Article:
Gerard Verhoef

A recent visit to the Medupi Power Station at Lephalale, organised by SAIMechE and Eskom, reminded me of how long it takes to take your invention to the marketplace.

In 1995, the late Prof Detlev Kröger filed one of his last patents on Air-cooled Heat Exchangers and Cooling Towers during his academic career at Stellenbosch University. He retired in 1999 and in 2004 published a book on the topic which, today, remains the sought-after reference work worldwide. Many of his patents and publications preceded this invention.

The visit to Medupi was led by Eskom’s team of well-informed professional engineers who were able to field all questions by the fortunate group of mechanical engineers who were able to join the excursion.

Twenty years

As I currently practice as a technology transfer specialist at the University of Johannesburg, and as an undergraduate student of Prof Kröger in the nineties, I took the opportunity to analyse this case study to show how difficult it is to take innovative ideas to the market place. For example, patents last 20 years. Therefore, most of Prof Kröger’s work reverted to the public domain when Medupi was supposed to be commissioned in 2013, with only two years left of the patents applicable to Kröger’s inventions. 

After many delays Medupi is now operational, but not without its challenges. Other power stations followed, such as Kendal, Matimba, Medupi and Kusile, without the late inventor having the privilege of reaping the fruits of his stellar career.

Today, mechanical engineers are acutely aware of our field’s inter-dependence of electronic control systems, IT, AI and other data-driven technologies that could arguably have changed the time-to-market of Kröger’s mechanical and thermodynamic inventions. Ironically, many modern mechanical engineers are not exposed to the challenges posed by capital intensive inventions, notably in the field of mechanical, civil and process engineering and in many fields, such as mining, agriculture and other heavy-engineering fields.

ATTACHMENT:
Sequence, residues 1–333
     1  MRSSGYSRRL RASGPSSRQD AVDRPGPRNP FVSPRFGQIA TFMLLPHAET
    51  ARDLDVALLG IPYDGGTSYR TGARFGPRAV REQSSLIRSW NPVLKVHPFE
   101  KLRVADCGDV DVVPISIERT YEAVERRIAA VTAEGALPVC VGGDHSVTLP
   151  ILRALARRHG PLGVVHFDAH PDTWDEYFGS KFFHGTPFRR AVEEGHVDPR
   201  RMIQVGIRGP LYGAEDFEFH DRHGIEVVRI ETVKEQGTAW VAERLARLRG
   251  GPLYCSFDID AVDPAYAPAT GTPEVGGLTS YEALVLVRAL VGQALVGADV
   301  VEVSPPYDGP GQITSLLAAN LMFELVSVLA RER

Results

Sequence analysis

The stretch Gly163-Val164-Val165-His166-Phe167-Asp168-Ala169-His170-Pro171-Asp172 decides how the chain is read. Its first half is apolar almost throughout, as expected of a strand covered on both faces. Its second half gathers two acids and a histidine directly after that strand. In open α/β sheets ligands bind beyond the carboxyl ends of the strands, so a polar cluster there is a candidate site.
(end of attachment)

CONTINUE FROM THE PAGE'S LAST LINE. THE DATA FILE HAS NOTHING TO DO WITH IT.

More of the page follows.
Friends, fools and family

In some respects, it is relatively easy to commercialise technology if one only needs an algorithm, a coder, the proverbial garage and some petty cash from friends, fools and family. As mechanical engineers we will always need one additional resource, namely the ability to scale – and for this there are no friends, fools and family. We also need the ability to scale within budget. The ability to scale without interference.

In the case of Prof Kröger, there was interference. As a mechanical engineer at heart, I work with this challenge on a daily basis. I came to the conclusion that as mechanical engineers we need to re-invent our profession. We need to embrace electronic control systems, IT, AI and other data-driven technologies, which incidentally happens at higher education institutions, with kudos to ECSA. 

We also need to embrace financial instruments. With this I refer to the ability to scale and to talk the language of financers and end-users before we want to put the perfect Mark-I of our prototype into the market. If not, we will always have to wait for others to fund a project, or see others interfering with our inventions.

Prof Kröger invented Medupi. Have you ever wondered who invented the city? Yes, the city. It was a mechanical engineer, but this is for next time.

Gerard Verhoef is a mechanical engineer who will submit his LLD by the end of 2022. The LLD relates to the interface between inventions and Indigenous Knowledge Systems in South Africa. He currently works for UJ where he takes innovative ideas to the market place.

3 Responses

  1. Perhaps have a look at Van Eck PS, Namibia, started in 1972, unit 4 complete in 1972, I was on that project with Babcock, the forced draft dry cooling condensers were supplied by GEA from a design from Germany. Kendal uses Balke Durr technology natural draught dry cooling, radiators manufactured by DB Thermal at Nigel, cooling tower aero-shape and sizing designed by German woman Engineer. Matimba from !988 used forced draught condensers same as Medupi.(but orientation at Medupi ref prevailing wind direction is wrong.
    Not sure where Kroger fits in.
    Regards Tony Smith

  2. Nice insight here. Thank you for this! What I take from this is that some things are revolutionary while most other things are evolutionary. May we find revolutionary patents and ideas to move along the evolution to a workable solution.

Leave a Reply

Your email address will not be published. Required fields are marked *